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  • Graphic and interior design in the Viennese coffeehouse around 1900: Experience and identity

Aynsley, Jeremy, 2013, Book Section, Graphic and interior design in the Viennese coffeehouse around 1900: Experience and identity In: The Viennese Café and Fin-de-Siècle Culture. Berghahn. ISBN 9780857457646

Abstract or Description:

Aynsley was principal investigator for the three-year AHRC-funded research project The Viennese Café and Fin-de-siècle Culture (2006–9), which was led by the RCA, in partnership with Simon Shaw-Miller and Tag Gronberg, co-investigators, at Birkbeck, University of London. The aim of the research project was to cast new light on the history of the Viennese coffeehouse through interdisciplinary scholarship, taking account of recent theoretical and methodological developments in cultural history, literary studies, visual and material culture studies, with particular reference to modernity in central Europe. The project led to an international conference and exhibition at the RCA, which Aynsley co-directed, and a number of publications.
In this study, Aynsley bridged print history, often a narrow and technical field, to histories of interior design, to explore the interaction between print culture and the coffeehouse interior from 1870 to 1914. Research was conducted in Viennese libraries to establish how various forms of printed material were experienced within the city’s coffeehouses. The essay argues that these newly designed interior spaces framed a distinctive form of public life in which print culture became a central component. Research drew on collections of works on paper to establish how advertising and posters impinged on the café; the practice of reading in these spaces; signage both inside and on the exterior, and conventions of visually representing designs of the Viennese coffeehouse.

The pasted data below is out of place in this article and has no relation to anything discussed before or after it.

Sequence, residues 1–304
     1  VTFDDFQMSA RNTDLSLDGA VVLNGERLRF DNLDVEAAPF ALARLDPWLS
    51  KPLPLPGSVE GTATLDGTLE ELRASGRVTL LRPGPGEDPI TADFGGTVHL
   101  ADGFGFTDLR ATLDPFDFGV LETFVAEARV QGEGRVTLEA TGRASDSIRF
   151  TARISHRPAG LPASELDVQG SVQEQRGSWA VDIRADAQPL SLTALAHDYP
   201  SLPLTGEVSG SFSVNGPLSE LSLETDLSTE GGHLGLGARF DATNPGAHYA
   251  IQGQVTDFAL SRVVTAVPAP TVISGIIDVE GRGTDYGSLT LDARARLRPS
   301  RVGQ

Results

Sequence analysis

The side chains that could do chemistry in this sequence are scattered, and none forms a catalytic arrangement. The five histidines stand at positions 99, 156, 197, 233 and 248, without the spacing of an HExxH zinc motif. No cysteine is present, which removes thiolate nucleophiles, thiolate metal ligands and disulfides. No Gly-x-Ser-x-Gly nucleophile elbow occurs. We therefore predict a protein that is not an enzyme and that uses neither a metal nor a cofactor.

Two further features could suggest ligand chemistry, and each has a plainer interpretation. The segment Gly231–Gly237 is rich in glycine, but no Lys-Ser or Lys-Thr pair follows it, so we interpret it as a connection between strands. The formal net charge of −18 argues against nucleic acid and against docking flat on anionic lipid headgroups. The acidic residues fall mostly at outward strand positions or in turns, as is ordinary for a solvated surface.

Aynsley lectured on the wider historical interrelationship between graphic and interior design at the turn of the 20th century at the Metropolitan Museum of Art, New York (2008) and the Deutsches Museum, Munich (2008). He supervised the thesis of the AHRC-funded PhD student Diane Silverthorne, ‘New Spaces of Art, Design and Performance in Vienna 1890–1920: Alfred Roller and the Vienna Secessionists’ (RCA, 2010).
The Vienna project was subsequently graded as ‘Outstanding’ by the AHRC peer-reviewer.

Subjects: Creative Arts and Design > W200 Design studies > W250 Interior Design
School or Centre: School of Humanities
Date Deposited: 25 Oct 2013 15:03
Last Modified: 03 Feb 2014 11:51
URI: http://researchonline.rca.ac.uk/id/eprint/1436

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